Soil-stabilization company Cypher Environmental teamed with Mitacs and Brandon University to tackle the problem of unpaved gravel roads in rural and northern Manitoba. The unstable road surfaces had long posed challenges to drivers — especially truck drivers — and the dust and debris from the roads were negatively impacting nearby lakes and streams.
Mitacs facilitated a collaboration between Cypher, Brandon University Professor Hamid Mumin and research intern Riley Cram to develop a solution. The result was the creation of a revolutionary clay-based polymer — called EarthZyme — which binds loose gravel and gives it a much more stable, cement-like quality.
We now have hard data as well as a finished product that our customers can see for themselves. — Teaghan Wellman, Director of Research and Development, Cypher Environmental
The research collaboration not only provided Cram with invaluable hands-on experience, but allowed Cypher to foster the research, development and testing of EarthZyme under the expertise of a skilled academic team. “We were able to specifically quantify how strong the roads become after we’ve treated them with our product,” says Teaghan Wellman, Cypher’s then-Director of Research and Development. “It gives us a certain scientific backing so that we now have hard data as well as a finished product that our customers can see for themselves.”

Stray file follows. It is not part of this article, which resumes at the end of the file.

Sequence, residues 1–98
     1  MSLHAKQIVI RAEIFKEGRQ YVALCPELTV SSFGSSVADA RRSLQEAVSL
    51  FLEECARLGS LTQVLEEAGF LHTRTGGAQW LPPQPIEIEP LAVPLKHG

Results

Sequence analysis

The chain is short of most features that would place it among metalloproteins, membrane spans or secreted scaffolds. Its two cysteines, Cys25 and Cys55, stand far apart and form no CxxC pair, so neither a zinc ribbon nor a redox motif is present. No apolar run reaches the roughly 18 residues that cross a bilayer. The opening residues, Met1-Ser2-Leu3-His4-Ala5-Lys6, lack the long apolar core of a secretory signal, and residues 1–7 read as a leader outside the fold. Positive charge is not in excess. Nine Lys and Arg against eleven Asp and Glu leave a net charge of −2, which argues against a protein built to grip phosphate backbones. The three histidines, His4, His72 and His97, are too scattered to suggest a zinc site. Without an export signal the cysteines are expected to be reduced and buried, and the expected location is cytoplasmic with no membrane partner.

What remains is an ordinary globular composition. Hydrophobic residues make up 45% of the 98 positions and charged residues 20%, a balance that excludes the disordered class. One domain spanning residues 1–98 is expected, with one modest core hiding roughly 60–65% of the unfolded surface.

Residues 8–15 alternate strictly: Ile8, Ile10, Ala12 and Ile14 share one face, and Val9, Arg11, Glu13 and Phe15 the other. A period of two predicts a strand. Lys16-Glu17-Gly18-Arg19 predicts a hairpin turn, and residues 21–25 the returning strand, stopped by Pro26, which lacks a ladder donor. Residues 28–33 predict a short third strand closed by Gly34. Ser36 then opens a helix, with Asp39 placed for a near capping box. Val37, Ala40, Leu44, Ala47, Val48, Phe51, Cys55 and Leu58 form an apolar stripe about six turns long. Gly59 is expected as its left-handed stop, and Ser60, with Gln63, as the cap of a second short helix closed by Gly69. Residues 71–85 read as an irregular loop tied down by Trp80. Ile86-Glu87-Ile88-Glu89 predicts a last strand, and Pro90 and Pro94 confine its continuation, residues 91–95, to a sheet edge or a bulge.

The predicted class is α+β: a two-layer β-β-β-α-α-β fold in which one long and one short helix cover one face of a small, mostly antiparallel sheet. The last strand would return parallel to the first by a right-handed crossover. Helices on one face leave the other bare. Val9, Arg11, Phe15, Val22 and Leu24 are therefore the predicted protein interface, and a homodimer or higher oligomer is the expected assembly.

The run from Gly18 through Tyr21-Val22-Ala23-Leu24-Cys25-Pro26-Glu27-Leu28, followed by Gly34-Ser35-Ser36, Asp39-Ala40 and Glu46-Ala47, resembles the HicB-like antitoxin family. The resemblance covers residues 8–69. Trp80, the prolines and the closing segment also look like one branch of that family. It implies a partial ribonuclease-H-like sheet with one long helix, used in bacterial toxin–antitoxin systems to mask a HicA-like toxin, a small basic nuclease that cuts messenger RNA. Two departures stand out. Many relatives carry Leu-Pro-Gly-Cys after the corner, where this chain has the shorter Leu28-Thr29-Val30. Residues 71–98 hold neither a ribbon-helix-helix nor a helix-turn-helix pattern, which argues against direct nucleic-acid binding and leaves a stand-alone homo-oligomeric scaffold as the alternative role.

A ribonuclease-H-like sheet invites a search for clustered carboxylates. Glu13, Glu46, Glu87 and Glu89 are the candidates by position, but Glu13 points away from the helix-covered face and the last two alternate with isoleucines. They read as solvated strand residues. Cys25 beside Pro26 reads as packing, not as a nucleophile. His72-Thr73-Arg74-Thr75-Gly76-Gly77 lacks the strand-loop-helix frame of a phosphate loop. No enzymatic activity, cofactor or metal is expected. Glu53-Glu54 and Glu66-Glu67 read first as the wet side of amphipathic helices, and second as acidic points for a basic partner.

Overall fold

The collaboration was so successful that Cram was offered a job by Cypher after graduation, and Mumin is exploring future research partnerships with Mitacs. The team’s innovative solution will help make roads safer and protect nearby ecosystems, as well as help companies and municipalities save millions of dollars in maintenance and environmental clean-up every year.